JiaXuan Hon: Can dance be ‘hacked’ with technology?
In dance, the body is explored and examined on all levels. From the individual to the collective, from its practical functions to poetic meaning in motion, from an act of self-expression to political commentary, encompassing all types of bodies, ages and cultures.
The definition of dance has gone beyond entertainment. There are scientific and cultural studies into dance, alongside extensive research into its mental and physical benefits.
On the other hand, the fourth industrial revolution is currently taking place, which the World Economic Forum described as the “blurr[ed] lines between the physical, digital and biological spheres” in 2016.
Consumer technology is finally moving beyond screens into immersion. In the near future, we will not only use our fingers, but all our body functions – visual, auditory, voice, full-body actions, haptics, smell – to interact with our (artificially intelligent) devices.
Think of sci-fi movies such as Blade Runner 2049 or Her – some of those technologies are not far from reality. It is time the incredible wealth of knowledge and wisdom that dance has was shared and put into use beyond the arts world to shape society more generally.
With this in mind, we put together a three-day event called Dansathon, the first international dance “hackathon”. It brought together dancers, technologists and designers to imagine new ways to create and experience dance.
Initiated by BNP Paribas Foundation, it was done through collaboration between Belgium’s Theatre de Liege, Sadler’s Wells in London, and Maison De La Danse in Lyon, with a gathering held in each city.
Hackathons originate from the technology industry. Over two or three days, participants “hack” existing systems to create prototype solutions to challenges. It is about innovation, breaking the routine and making space for fresh ideas.
During Dansathon there were 30 to 35 individuals in each city who formed teams on the first day. We provided them with an overall methodology, based on various creative sprints, experts, technology and manpower, and let them get on with it.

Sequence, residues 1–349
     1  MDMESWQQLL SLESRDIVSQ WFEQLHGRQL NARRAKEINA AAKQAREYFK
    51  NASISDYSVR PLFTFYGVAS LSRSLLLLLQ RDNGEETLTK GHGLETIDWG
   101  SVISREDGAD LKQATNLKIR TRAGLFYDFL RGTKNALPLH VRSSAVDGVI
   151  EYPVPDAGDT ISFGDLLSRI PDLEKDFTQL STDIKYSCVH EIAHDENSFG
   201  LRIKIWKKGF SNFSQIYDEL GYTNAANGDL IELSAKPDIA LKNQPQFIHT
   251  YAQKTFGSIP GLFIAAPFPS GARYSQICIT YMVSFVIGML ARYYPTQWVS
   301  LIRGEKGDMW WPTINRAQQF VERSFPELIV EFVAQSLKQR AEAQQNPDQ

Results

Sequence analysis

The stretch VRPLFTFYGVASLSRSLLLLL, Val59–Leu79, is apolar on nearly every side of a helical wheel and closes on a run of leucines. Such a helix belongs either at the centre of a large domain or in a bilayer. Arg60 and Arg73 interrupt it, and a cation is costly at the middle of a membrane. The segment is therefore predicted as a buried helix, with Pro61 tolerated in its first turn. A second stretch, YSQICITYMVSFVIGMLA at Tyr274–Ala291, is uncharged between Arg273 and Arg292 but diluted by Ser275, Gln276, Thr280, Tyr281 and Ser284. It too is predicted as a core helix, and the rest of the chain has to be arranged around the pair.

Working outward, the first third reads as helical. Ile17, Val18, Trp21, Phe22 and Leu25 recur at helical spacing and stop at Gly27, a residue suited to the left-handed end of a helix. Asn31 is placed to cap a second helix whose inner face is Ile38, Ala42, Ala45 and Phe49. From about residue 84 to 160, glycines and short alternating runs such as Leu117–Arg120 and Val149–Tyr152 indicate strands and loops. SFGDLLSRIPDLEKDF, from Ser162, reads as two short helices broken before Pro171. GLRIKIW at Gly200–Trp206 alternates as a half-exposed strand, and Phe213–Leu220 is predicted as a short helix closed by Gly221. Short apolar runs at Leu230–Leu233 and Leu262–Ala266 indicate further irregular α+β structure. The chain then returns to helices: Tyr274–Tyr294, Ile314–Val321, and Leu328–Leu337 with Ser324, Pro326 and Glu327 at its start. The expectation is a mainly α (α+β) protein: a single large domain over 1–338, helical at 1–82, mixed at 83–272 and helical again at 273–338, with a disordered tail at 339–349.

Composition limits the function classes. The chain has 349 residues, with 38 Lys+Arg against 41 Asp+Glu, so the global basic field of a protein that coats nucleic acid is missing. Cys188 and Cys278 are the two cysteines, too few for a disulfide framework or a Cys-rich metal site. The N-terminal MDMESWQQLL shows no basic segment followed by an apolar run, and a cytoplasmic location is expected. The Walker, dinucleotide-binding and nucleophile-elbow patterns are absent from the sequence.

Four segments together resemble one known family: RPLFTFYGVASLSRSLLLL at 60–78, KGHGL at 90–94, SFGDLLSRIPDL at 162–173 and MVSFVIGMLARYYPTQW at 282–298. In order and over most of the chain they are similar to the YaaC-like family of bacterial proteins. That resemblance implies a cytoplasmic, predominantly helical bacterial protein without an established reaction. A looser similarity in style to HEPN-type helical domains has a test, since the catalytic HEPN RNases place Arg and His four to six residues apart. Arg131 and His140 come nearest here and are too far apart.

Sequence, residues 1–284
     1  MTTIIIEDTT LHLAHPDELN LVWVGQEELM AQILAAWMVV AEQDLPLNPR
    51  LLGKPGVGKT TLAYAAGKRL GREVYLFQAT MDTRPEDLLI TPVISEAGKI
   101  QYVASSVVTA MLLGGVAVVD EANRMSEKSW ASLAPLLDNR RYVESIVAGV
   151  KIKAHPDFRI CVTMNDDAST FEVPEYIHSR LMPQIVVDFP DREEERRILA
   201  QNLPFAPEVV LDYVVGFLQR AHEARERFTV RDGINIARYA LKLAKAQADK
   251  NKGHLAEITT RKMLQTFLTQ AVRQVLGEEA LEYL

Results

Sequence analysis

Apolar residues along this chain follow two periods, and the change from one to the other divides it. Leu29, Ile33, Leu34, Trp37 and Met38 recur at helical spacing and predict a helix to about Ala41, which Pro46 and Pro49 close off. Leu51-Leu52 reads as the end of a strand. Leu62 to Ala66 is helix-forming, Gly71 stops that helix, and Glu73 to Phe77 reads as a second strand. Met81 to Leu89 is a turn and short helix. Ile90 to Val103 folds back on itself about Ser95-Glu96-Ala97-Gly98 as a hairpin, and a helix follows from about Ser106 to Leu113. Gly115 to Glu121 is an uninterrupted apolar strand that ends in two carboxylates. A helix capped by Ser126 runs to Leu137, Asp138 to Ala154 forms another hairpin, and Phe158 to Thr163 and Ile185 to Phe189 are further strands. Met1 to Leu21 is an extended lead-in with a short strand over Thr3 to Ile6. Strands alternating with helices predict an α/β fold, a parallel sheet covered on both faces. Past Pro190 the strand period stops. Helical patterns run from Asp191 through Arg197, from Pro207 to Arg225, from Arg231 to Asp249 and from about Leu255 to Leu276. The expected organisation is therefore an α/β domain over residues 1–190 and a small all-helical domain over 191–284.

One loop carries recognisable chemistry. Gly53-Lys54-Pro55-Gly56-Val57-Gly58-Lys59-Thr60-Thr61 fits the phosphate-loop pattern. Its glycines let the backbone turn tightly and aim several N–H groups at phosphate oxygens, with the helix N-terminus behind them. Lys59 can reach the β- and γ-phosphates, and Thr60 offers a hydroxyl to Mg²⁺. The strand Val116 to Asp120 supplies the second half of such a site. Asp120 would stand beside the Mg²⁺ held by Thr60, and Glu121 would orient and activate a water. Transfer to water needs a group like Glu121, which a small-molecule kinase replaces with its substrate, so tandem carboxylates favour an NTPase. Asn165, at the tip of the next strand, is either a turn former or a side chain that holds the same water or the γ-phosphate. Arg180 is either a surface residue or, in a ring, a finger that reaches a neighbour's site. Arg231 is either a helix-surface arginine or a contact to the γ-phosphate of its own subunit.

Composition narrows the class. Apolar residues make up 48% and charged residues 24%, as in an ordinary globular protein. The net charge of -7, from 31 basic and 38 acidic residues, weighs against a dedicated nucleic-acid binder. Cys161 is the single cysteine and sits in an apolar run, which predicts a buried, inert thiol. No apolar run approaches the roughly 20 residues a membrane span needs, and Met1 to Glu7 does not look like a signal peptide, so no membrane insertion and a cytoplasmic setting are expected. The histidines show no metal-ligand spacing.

After three days, fragments of five projects were presented. The winning project in London was Digital Umbilical, a one-to-one performance that explores intimacy in the digital age. In the piece, technology worn by both audience member and performer was used to create a soundscape from the breath of the dancer and the pulse of the spectator. It created a connection between the two, using technology to tap into the physical, emotional state of others.
Other projects to come out of the event included an app that transforms daily routines into a story, an installation to inject the joy of dance in public spaces, a tool for use in choreographic processes and a playground looking at transforming the perception of body through data and dance.
In all the projects, dance stood side-by-side with technology, harnessing the power of both. The process of making, performing, and experiencing dance has been redesigned and reimagined.
The winning project receives a grant of €10,000 from the foundation and support from Sadler’s Wells. In the next six to 12 months the ripple effects of the event are to be captured, especially now that more dance and technology projects are sprouting. This is only the start.
JiaXuan Hon is an independent producer, currently producing for Sadler’s Wells and dance company AΦE.
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